Senior Portrait, by Eliane BrumTranslated by Diane Grosklaus Whitty

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From The Collector of Leftover Souls, a collection of non-fiction published this month by Graywolf Press. This story, first published in the Brazilian magazine Época, is based on a week the author spent living in a nursing home in Rio de Janeiro. Translated from the Portuguese by Diane Grosklaus Whitty.

Suddenly they’ve arrived here, in front of the iron gate at the old people’s home, their whole lives squeezed into a carry-on. They’ve left behind so many delicate things—their family, their furniture, their neighborhood, the cracks in the wall, a glass by the sink, the outline of their body on the mattress. They too thought old age would be someone else’s fate, never suspecting they would stand before this threshold, left here because other people decided their time was up. The São Luiz Old Age Home is better than most in Brazil, clean and decent, with lots of warm touches. But like all other homes for the elderly, it will be its residents’ last address. The home has spent 111 years in the neighborhood of Caju, the site of Rio de Janeiro’s largest cemetery—and the final destination for everyone here.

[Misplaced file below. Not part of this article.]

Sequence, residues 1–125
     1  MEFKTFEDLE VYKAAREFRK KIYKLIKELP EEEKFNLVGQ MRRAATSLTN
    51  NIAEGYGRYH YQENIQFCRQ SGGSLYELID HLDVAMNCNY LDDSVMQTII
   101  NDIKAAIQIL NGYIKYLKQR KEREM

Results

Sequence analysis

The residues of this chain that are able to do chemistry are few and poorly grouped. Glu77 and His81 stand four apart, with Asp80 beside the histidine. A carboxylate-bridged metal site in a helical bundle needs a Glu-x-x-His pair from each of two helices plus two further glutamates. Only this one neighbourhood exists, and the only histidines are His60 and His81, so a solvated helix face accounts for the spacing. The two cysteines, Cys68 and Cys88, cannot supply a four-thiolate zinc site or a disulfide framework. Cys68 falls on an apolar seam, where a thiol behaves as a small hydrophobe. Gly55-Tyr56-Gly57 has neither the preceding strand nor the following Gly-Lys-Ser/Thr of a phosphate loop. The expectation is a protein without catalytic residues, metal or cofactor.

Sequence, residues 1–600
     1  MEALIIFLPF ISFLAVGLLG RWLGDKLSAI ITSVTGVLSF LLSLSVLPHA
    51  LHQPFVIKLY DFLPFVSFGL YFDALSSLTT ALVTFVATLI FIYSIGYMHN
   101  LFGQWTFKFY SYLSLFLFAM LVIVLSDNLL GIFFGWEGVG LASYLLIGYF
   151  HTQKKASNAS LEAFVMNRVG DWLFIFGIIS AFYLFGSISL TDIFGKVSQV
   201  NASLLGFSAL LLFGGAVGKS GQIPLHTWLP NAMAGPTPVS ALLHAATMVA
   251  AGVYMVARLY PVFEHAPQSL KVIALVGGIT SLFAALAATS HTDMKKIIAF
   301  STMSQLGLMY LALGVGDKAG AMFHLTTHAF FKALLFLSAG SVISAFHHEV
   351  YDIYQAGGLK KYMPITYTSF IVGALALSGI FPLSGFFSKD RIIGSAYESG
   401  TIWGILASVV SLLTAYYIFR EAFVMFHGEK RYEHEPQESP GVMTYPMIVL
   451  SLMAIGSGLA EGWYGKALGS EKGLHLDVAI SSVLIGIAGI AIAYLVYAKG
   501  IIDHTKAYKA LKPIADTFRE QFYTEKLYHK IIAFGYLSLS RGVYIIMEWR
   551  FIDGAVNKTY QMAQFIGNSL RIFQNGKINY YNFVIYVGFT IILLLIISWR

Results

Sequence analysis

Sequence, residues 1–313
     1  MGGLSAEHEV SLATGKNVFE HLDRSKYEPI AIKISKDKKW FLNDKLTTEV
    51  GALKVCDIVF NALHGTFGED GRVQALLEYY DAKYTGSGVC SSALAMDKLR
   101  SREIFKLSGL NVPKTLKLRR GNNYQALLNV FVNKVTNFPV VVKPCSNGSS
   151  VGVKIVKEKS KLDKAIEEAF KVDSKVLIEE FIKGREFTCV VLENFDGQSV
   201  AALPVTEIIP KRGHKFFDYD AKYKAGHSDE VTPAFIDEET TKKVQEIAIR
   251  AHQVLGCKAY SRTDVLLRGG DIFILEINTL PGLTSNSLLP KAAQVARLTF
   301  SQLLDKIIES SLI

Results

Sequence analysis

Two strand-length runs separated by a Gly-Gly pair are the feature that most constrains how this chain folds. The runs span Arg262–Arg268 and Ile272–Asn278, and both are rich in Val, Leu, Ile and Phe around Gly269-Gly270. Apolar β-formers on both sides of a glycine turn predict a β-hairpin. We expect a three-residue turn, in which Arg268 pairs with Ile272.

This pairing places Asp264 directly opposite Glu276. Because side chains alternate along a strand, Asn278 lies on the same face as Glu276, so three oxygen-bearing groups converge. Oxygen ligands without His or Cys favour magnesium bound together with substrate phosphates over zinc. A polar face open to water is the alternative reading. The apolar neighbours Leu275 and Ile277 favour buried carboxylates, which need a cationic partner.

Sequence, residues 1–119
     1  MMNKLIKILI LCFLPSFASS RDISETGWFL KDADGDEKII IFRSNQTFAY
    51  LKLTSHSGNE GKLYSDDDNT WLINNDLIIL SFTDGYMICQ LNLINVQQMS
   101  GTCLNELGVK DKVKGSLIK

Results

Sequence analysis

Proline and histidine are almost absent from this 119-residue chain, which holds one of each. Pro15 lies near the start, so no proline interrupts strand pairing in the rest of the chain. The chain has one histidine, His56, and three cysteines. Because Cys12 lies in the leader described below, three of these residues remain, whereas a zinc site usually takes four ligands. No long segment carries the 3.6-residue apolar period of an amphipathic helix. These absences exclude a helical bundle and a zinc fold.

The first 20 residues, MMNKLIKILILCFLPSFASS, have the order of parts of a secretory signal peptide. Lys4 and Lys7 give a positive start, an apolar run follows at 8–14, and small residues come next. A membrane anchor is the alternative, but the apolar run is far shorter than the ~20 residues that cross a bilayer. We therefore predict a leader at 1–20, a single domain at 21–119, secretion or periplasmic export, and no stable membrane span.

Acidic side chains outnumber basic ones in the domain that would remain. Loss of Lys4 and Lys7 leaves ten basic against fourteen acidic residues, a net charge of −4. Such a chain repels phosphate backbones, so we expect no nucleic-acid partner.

In this place, the elderly perform daily acts of resistance: They desire a different flavor on the menu, a sexual fantasy about a muse now older than they are, tomorrow’s newspaper—because living is more than breathing. Every evening, at the age of seventy-four, Fermelinda Paes Campos, a Portuguese-born retired merchant, dresses up for a party. She drapes herself in pearls and diaphanous fabric. “These hormones won’t leave me alone. I’m exploding,” she confides. Stuck in a wheelchair, former journalist Paulo Serrado, seventy-one, dreams he is mounted on an eagle, riding over mountains. “I wake up feeling like a fool,” he says, “but that’s all right.” He was once known as Fred Astaire by Copacabana’s bohemian crowd. Holding tight to Cyd Charisse’s portrait—“the loveliest legs in film”—he twirls around in his fantasies. And eighty-nine-year-old Rosa Bela Ohanian, who lived in Europe and the United States, served on the diplomatic staff in Washington, and speaks four languages, emerges from her melancholy by crooning a love song in Danish: “I love a whole lifetime, not just a moment.”